- Nature Reserve / Wildlife Observation / Safari
My inner child came out the moment I spotted my first sea lions, penguins, seals, pelicans and cormorants, as well as the hundreds of birds soaring above the Ballestas Islands. The boat trip that takes you there lasts around two hours is a wonderfully enjoyable experience, with the spectacle on offer simply amazing … it will leave you with a truly unforgettable memory of your trip to Peru.
Did you know that the droppings produced by the cormorants on the Ballestas Islands are worth a small fortune? The guano is actually collected and sold as natural fertiliser on the world market. The fact that it's considered a kind of white gold in Peru should give you some idea of its importance. Its production is controlled, with guards living at the site to ensure nobody tries to make off with any of these precious droppings. I advise you to wear a hat during the drip … just in case!
In addition to nature and the beauties it offers, a visit to the Ballestas Islands also provides the opportunity to see something whose origins remain a mystery: a giant candelabra is visible on the flanks of one of the mountains at one point during the trip. This enormous geoglyph measures 150 metres high by 50 metres wide. Who was responsible for creating this masterpiece? And how did they achieve it? Though there are several hypotheses, there are as yet no firm answers.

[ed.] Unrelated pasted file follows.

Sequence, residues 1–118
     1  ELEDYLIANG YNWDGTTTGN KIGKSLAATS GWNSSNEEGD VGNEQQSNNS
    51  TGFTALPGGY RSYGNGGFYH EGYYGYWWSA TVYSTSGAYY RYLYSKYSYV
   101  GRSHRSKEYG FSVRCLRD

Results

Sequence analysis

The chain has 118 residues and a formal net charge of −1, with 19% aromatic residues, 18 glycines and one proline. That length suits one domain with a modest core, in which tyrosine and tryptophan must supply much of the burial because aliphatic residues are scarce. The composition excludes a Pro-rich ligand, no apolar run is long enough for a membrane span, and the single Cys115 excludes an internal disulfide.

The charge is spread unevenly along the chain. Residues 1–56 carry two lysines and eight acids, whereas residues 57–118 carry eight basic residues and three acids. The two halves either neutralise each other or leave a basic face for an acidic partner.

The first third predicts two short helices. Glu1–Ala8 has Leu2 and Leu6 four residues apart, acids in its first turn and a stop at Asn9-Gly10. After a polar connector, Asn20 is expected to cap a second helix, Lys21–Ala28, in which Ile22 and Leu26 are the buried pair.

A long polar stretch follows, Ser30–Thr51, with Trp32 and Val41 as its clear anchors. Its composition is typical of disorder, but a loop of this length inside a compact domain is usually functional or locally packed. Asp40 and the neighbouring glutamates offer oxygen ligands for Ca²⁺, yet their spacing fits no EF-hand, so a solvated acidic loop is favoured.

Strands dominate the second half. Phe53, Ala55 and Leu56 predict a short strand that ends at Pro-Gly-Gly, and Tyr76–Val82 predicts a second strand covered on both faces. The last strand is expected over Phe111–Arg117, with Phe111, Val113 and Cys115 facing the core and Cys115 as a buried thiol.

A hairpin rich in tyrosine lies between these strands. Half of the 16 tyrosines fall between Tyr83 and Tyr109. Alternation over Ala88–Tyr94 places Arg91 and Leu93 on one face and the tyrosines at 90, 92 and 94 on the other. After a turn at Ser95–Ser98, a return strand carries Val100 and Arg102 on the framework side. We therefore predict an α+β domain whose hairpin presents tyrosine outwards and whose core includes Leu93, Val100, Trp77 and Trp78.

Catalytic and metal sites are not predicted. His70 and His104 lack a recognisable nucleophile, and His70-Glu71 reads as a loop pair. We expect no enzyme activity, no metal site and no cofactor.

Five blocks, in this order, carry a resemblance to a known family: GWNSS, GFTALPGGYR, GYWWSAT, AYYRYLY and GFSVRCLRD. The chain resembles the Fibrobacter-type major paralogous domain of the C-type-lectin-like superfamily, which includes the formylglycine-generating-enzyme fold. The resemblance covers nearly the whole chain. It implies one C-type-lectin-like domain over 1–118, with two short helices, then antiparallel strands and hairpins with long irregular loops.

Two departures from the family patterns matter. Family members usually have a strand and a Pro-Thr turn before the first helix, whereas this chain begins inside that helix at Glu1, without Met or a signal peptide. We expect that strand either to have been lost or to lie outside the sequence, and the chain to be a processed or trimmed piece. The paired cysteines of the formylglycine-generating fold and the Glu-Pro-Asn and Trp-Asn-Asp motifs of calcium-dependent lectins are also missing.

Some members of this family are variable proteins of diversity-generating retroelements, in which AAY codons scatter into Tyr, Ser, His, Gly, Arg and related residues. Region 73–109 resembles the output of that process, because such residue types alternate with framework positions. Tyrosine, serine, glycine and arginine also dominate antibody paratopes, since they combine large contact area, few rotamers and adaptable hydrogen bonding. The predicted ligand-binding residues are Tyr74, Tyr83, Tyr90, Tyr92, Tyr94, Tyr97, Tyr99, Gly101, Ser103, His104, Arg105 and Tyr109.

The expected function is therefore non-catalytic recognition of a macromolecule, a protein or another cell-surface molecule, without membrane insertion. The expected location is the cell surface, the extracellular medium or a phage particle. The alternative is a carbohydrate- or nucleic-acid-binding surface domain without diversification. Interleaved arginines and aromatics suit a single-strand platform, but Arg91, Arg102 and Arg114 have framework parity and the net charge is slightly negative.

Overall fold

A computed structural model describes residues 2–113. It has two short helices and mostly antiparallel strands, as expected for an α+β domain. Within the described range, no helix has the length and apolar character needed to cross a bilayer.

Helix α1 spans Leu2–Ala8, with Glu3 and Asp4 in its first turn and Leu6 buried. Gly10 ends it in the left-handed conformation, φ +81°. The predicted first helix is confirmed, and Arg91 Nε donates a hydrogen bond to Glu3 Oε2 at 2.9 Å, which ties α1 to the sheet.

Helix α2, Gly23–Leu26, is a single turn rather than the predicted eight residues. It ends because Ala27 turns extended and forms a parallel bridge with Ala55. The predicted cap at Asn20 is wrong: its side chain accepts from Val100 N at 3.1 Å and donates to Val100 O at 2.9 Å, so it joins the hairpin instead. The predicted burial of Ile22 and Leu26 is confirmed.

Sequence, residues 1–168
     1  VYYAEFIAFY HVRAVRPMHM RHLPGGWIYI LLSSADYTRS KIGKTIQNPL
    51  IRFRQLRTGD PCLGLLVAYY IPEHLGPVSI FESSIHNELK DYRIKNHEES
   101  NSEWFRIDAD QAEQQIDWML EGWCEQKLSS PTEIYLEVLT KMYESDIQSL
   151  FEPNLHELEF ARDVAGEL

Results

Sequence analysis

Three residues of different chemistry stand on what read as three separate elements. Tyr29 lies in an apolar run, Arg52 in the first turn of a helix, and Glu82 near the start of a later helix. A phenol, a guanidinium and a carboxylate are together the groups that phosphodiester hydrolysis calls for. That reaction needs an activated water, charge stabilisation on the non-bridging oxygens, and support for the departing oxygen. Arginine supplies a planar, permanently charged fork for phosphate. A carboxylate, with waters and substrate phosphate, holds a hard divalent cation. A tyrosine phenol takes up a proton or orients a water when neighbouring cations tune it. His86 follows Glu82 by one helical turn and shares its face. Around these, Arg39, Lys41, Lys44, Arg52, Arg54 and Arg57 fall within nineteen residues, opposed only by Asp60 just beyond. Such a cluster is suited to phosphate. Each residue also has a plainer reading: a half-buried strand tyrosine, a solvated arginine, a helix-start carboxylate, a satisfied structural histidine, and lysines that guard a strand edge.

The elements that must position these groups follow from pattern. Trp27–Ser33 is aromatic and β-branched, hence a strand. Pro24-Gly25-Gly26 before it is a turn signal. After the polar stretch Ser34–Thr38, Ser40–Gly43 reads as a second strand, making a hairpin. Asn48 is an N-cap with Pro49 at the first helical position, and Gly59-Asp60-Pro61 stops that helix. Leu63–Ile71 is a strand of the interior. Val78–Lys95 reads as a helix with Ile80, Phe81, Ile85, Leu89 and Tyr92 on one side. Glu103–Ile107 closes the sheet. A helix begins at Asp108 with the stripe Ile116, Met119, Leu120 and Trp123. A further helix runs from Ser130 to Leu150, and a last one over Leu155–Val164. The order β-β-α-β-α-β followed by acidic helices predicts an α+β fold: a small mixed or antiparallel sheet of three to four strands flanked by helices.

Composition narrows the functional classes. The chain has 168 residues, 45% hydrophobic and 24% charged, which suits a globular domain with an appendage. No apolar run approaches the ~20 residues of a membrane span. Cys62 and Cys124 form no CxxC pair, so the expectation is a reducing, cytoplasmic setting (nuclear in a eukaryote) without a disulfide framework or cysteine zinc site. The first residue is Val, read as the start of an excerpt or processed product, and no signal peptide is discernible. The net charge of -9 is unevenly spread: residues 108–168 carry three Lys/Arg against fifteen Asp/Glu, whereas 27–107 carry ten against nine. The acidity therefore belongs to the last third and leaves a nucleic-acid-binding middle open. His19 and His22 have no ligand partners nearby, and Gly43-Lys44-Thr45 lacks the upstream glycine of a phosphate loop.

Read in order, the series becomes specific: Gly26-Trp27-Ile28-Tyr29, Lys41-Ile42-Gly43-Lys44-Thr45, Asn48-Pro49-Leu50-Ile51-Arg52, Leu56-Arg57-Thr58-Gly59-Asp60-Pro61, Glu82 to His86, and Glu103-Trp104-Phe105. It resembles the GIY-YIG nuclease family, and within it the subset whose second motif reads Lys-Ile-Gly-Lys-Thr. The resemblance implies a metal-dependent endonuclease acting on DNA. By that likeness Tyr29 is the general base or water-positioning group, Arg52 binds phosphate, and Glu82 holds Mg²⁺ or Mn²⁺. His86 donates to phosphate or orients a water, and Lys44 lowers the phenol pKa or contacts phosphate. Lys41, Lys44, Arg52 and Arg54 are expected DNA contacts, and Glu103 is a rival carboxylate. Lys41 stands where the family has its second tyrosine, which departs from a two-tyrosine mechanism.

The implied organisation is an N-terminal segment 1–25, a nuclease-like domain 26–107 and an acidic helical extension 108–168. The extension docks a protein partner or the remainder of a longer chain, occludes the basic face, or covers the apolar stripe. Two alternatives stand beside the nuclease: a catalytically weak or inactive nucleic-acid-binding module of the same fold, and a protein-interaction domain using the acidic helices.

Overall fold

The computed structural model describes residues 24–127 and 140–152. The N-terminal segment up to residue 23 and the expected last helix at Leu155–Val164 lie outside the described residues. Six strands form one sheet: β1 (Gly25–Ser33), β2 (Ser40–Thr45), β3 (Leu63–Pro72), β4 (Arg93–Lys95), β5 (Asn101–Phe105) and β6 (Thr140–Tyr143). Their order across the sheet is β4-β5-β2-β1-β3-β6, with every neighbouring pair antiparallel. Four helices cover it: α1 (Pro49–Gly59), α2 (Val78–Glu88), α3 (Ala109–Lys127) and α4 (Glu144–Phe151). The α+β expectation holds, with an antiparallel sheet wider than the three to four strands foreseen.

To begin with, an important bit of info: this spot is ultra mega touristy. Buses full of people set off each from Lima, Ica, la Huacachina and aven Nazca just to go to visit the Ballestas. Let me tell you that is far removed from the principles of eco-tourism. Dozens of boats assail the said islands, without really taking account of the consequences.
Of course, theBallestas Islands are truly stunning. Packed with sea lions, pelicans, little Humboldt penguins, cormorants and other birds, whose names I have forgotten, who have all found a refuge here; a unique spectacle. The point of the visit, the immense geoglyph El Candelabro, drawn in the middle of one of the islands and whose origin remains a mystery even today.
So, is this a destination to add to your Peruvian itinerary ? A delicate choice. If you are seeking to travel responsibly, the decision will be easy to make. For my part - and in general I avoid these types of trips that have a negative, uncool impact on the the environment - I enjoyed the visit, the setting being simply fantastic. One could ask oneself "but at what price?" but here I'm not in a position to enter into the debate.